Since this morning’s farewell to the pieds-dans-l’eau Hôtel Printania (a gem: old-world Breton furniture, waiting staff in frocks of bygone Brittany) and pedalling the three street negotiation out of Dinard itself (pinnacled belle époque villas, stripy beach tents, sandy bay), we have loved the combination of the Voie Verte cycle path and blissfully tranquil roads and even the small sections that were more difficult (it’s a 1+ activity holiday-rating, just three or four gratifyingly short hills) I managed with a combination of granny-gear and dismount-push (this last spectacle seeming to quench her desire for karmic comeback). Conversely, where safe, we revelled in the downhill thrills by hell-for-leathering like giddy teenagers – invigorating doesn’t come close.

With no real need to stop and survey paper notes, we paused wherever we wished to and did so frequently to rummage in the pannier for bonbons au caramel and admire the views. Wending our way from pretty market town (Pleurtuit, on aime) to village (le Minihic-sur-Rance, on aime) and hamlet (la Mettrie Pommerais, on aime), we shared observations, namely that there’s a spiritual aura of the West Country here and were it not for the lace curtains, shutters and roadside shrines reminding us we’re en France, we could have been forgiven for thinking we were on the Helford estuary. We also noticed the overwhelming feeling of space and tranquillity, the only portes ouvertes those of the boulangeries-épiceries, wafts from which we failed to resist. (‘Hand-signals suspended; I’m eating a croissant’.)

Stopping off for lunch in Brittany

We opted to take the very short detour off-route for lunch at the recommended Restaurant de la Cale, on the slipway in pretty Plouer-sur-Rance. It was warm enough (maybe on account of our body-heat) to eat on the terrace so we relished our Menu Brasserie choices – moi, the salade de chèvre chaud avec damn good frites – whilst masts in the bay tinkled and Breton gents foraged for seaweed on the beach. Pausing for a proper lunch was quality-time indeed, especially as we are used to lunching en famille: parsimonious missions to sustain ourselves on baguette and Président alone.  

A quick survey of the map and notes to check our progress alerted us to the fact that we had nailed an awful lot more than we thought; time flies à vélo. One busier road (that’s busy by France’s standards we were willing to wager), then a cycle-path all the way into destination Dinan.  Somehow we became briefly separated somewhere on this last 5k stretch but this this mattered not: hugging the Rance this closely, I would have challenged anyone anxious/navigationally-challenged to get stressed/lost. Anyway, before long we were reunited in time to enjoy a special moment, verbalising a wish to be permanently moored in one of these special spots.  And then, cycling seamlessly onto Dinan’s picture-perfect harbour, we are in firm agreement that France, especially at this pace, is ridiculously beautiful.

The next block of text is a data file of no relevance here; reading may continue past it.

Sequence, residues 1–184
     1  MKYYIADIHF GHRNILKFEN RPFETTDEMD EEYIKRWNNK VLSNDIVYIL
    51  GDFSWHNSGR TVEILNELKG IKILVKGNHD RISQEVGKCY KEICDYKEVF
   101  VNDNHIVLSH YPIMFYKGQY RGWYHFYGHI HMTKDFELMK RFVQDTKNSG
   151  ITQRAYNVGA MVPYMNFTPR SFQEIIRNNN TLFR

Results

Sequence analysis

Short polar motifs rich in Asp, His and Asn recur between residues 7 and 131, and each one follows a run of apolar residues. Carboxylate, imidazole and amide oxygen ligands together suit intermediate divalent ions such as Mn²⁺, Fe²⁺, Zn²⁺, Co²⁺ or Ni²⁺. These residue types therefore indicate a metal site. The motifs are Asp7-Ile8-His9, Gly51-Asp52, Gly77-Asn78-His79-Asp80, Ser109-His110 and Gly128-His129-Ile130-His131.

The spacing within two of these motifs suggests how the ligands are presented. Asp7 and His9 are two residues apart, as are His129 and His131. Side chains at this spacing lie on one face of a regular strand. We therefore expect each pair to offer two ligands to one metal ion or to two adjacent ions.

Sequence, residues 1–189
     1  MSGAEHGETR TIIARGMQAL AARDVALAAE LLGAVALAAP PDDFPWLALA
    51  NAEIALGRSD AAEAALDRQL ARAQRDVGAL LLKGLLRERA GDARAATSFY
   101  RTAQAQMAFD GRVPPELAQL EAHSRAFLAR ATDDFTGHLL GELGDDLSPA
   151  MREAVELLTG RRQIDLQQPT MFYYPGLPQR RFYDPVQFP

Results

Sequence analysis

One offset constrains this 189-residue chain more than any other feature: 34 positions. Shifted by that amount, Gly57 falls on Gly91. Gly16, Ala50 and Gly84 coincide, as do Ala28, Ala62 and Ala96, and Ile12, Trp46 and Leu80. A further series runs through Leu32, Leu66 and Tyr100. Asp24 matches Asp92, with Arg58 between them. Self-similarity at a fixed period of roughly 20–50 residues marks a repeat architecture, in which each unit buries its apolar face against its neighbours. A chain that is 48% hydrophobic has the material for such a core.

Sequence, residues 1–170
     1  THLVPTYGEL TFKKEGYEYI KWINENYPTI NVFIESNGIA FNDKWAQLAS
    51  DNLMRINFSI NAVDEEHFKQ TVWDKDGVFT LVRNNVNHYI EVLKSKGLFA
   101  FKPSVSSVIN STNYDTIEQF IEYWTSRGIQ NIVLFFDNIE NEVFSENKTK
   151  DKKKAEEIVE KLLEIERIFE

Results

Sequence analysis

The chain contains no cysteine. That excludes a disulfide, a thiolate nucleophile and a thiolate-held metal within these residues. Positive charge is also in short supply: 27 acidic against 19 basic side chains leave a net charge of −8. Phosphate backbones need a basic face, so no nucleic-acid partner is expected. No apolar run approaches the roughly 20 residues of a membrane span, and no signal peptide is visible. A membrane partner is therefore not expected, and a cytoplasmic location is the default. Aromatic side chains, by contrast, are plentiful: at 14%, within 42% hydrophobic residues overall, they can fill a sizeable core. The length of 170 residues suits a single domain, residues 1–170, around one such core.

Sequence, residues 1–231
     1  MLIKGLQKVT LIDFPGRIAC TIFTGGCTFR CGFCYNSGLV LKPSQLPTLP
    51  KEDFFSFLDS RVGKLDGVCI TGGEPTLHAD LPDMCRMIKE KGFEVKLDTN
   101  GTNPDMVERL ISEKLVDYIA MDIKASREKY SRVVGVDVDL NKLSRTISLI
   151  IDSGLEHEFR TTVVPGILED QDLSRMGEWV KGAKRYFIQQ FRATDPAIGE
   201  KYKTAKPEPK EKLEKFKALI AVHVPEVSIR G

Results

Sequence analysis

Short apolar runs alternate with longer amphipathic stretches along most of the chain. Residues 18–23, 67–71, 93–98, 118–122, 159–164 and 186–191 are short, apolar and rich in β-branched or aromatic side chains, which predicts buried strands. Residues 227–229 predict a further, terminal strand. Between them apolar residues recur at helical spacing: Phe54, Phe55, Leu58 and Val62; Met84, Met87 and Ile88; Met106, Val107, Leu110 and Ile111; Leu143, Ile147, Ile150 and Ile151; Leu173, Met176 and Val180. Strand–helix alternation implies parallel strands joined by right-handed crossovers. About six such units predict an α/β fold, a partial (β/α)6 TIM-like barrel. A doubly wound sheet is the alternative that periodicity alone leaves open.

Dinan harbour

Back at home, the brochure still sits there on the coffee table, as yet unassigned to the recycling pile.

Any thought of re-cycling, anyway, may give her an entirely different idea.

Lucy Shrimpton

Highs –Val de Rance cider out of a teacup at the Crêperie Ahna, Dinan (reassuringly full of locals).  And the cycling? We noticed a mutual driver-cyclist respect in France so cycling on the roads always felt safe.

Lows – None, apart from almost getting tangled up at one point with something squirrely on a lead. (French dogs are so precious).

Come again? – Yes! Spotted Headwater’s gorgeous cottage Le Martin Pecheur in an idyllic riverside spot in Dinan, ideal for families. Maybe combine it with a fête (who doesn’t love a French fête). A holiday is nothing if not a recce for another.

Top tip – Follow the GPS route offline (in aircraft mode) so that it doesn’t drain battery. And largely ignore the weather forecast: Met said rain, didn’t see a drop – this micro-climate seems to have a mind of its own.

Mots du jour –  Yec’hed mat! Breton, means cheers (pronunciation, anyone’s guess).